The U.S. Department of Labor recently announced that the Occupational Safety and Health Administration (“OSHA”) will oversee worker retaliation complaints under the Criminal Antitrust Anti-Retaliation Act (“CAARA”) and the Anti-Money Laundering Act (“ALMA”). Some employers may wonder why OSHA will be involved in overseeing enforcement of financial regulations. This is not new territory for OSHA, however, which oversees the whistleblower retaliation protections for over 20 federal statutes, involving a gamut of violations from workplace safety and health to securities, financial, and antitrust laws.
Under CAARA, covered individuals are protected from retaliation for assisting in Federal Government investigations or for providing information to the Federal Government or to that individual’s supervisor or other person working for the employer with authority to investigate, discover, or terminate misconduct regarding suspected violations of U.S. antitrust laws.
Unlike certain other whistleblower protection statutes, however, CAARA does not provide potential financial incentives for whistleblowers to report claims to the Federal Government. Instead, the statute provides only that whistleblowers may be entitled to relief that will make the covered individual whole – i.e., reinstatement of prior status, back pay, etc. In contrast, ALMA provides mandatory monetary rewards for whistleblowers of up to 30% of all recoveries above $1 million. Without financial incentives to bypass reporting to an employer to report directly to the Federal Government, employers with effective compliance programs that encourage employees to report concerns internally (and not retaliate against those employees) may benefit.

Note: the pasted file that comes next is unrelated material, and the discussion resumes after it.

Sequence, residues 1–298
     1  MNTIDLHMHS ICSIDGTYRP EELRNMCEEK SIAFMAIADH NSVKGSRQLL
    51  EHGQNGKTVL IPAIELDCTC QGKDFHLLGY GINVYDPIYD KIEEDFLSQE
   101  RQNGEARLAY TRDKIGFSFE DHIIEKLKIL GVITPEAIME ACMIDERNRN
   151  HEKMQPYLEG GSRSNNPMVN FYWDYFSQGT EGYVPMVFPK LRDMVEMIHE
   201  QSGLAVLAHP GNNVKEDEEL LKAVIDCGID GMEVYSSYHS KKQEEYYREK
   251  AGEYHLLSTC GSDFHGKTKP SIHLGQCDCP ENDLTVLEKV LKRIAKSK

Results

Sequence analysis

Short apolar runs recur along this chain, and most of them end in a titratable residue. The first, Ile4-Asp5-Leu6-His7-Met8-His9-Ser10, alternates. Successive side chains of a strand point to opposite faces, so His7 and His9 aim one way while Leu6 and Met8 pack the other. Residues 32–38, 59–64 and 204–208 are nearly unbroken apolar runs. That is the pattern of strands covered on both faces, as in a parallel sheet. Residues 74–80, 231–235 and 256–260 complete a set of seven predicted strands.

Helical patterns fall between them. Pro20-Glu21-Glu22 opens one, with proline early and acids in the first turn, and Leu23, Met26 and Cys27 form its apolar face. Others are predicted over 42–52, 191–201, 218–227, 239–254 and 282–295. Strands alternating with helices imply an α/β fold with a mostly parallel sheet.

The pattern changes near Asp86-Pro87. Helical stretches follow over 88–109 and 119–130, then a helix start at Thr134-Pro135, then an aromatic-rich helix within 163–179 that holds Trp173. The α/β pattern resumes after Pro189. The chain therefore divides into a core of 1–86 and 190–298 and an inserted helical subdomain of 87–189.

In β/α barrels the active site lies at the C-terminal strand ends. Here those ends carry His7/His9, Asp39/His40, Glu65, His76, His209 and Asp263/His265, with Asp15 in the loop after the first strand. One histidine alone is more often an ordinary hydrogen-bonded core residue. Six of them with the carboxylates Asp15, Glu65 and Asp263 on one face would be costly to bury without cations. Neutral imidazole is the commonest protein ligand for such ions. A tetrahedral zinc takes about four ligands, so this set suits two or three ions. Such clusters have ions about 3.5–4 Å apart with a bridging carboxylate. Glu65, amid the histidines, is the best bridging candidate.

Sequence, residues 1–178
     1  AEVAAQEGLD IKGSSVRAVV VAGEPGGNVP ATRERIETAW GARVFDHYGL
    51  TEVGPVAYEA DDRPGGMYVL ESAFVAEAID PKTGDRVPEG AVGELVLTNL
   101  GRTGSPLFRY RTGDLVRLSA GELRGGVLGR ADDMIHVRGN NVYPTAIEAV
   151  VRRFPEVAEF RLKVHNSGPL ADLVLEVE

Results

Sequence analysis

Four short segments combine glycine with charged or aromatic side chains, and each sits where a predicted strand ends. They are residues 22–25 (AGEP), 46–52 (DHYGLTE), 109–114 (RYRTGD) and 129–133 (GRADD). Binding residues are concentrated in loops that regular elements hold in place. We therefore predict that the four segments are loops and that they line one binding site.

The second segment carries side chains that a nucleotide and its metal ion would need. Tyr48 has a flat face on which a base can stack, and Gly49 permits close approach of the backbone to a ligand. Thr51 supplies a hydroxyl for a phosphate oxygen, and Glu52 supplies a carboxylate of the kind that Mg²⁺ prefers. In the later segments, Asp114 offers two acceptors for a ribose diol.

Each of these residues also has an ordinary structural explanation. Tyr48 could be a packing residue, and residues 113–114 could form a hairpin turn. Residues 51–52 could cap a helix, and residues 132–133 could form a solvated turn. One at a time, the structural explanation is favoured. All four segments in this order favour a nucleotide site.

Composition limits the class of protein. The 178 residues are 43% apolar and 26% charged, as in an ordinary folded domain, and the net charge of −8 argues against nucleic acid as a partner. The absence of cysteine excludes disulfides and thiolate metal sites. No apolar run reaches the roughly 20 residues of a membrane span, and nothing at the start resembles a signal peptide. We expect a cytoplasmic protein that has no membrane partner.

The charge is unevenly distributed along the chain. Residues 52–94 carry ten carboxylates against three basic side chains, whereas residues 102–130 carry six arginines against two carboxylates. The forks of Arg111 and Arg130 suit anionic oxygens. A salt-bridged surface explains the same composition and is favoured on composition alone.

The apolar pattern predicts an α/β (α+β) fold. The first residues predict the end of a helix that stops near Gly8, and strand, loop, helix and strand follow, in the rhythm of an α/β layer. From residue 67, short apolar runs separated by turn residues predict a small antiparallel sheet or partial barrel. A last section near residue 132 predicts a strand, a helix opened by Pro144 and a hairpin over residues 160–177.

OSHA encourages employers to set up anti-retaliation programs to protect whistleblowers from retaliation for reporting issues internally. Such programs should include five key elements: (1) management commitment; (2) procedures to listen and respond to employee concerns; (3) a system of receiving and responding to reports of retaliation; (4) effective anti-retaliation training; and (5) rigorous oversight with improvement/modification as necessary. Such a well-developed program will incentivize employees to report concerns internally. In turn, it will allow the employer to investigate those claims and, if necessary, self-report to the Federal Government, obtaining the advantages and penalty mitigation of promptly doing so.
With OSHA’s new whistleblower oversight authority over retaliation for antitrust violations, this is a good time for employers to revisit their compliance programs and make sure they prohibit retaliation and incentivize employees to report concerns internally.